Somewhere in this community are hundreds and hundreds of displaced families and business owners whose lives have been devastated. Somewhere in this community are firefighters and forestry workers exhausted and overwhelmed by an unprecedented season of risk and destruction. Somewhere in this community are a small handful of parents who went to work one morning with a normal life, who came home to learn their children were involved in a crime so large, their lives will never be the same. Somewhere in this community, a mother and father have been crying for days because there could soon come a time where they might not be able to hug their child for years and years, losing an entire future that “could have been”. Somewhere in this community is a fifteen-year-old boy and his childhood friends who are learning the meaning of human suffering. We do not now the nature of that suffering, only that it exists and is common to us all.


And yes…there is merit and necessity for compassion in this situation because OUR hearts need it; because our society needs it. If we do not rehabilitate our insatiable appetites for simplistic thinking and the “othering” of anyone who is not our individual selves and families, we will have learned nothing from this tragedy. And the forests will continue to burn. And the schools will continue to be sites for mass murders. And our prisons will continue to be filled with those addicted to drugs because "we" see "them" as someone else and not ourselves.


We need to think beyond the desire to see how many years some kid is going to spend in prison and start thinking about how we have come so far in the erosion of public education that children who live in the forests of the great Pacific Northwest don’t know anything about forests. We need to get beyond blaming a set of parents for not supervising their children and start thinking about how we came to a value a society where almost no parent has a choice in supervising their children because they cannot afford to live in a home or pay for their food without working multiple jobs. We need to get beyond thinking that if something happens to someone else in another part of the town or state or country that it is “they” who are affected and start thinking about why, with all the extensive resources the United States has, we can send 100,000 troops to occupy a country the size of Colorado on the other side of the globe, but we can barely muster enough bodies to put out the fires that rage for up to five months of the year from Montana to California. We need to stop thinking the only response possible to a given situation is a happy face or a sad face emoji and start thinking about the fact that compassion for a criminal and sadness and horror at a crime can all exist in the same space without diminishing any of their individual truths. We need to stop thinking people are good or people are bad and start thinking about the truth that at any given moment, ANY of us could make a mistake that causes harm to ourselves or others and that if we hope we’d be extended a measure of grace that perhaps we had better extend grace forward until it’s our turn.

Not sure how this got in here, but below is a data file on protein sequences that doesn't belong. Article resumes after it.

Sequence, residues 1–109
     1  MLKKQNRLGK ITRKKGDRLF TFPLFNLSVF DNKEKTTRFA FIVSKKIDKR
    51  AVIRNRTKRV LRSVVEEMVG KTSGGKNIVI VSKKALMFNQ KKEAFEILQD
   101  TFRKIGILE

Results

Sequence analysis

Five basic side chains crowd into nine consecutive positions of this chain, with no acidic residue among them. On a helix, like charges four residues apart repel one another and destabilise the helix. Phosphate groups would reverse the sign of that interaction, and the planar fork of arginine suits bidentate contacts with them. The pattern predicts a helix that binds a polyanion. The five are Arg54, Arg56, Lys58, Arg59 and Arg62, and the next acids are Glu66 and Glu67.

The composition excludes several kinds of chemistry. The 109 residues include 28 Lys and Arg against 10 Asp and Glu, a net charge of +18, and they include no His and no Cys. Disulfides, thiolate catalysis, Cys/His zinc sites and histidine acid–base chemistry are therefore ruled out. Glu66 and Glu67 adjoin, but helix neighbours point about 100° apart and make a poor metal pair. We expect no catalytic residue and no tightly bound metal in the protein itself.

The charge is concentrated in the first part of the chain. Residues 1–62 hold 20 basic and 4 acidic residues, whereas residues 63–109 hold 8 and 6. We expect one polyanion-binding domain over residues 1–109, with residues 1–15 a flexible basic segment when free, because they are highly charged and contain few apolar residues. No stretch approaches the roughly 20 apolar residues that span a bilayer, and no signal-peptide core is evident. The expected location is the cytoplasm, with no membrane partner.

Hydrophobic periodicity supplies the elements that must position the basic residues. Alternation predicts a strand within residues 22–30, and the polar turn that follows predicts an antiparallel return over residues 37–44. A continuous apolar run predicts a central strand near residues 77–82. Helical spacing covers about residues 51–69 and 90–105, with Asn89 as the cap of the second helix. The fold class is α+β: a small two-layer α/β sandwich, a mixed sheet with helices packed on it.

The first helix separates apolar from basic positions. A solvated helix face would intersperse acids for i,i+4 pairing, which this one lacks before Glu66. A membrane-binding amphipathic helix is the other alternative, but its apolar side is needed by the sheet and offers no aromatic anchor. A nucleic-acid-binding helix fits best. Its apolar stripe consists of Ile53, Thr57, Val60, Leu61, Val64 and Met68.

Eagle Creek forest will be green again. It will take time. It will be different. It will be healed. It will be alive. It will be love and peace and joy. Will we do the same? Or are we simply going to reduce the joyfully-agonizing spectrum of life itself into one of Facebook’s six standard response icons? Stop being intellectually and spiritually lazy. Interrupt your addiction to easy answers. It’s burning our entire world to the ground. And the ash is choking us all.


Aaron (Tabacco) Williamson


Photo Credit: Chris Liedle Photo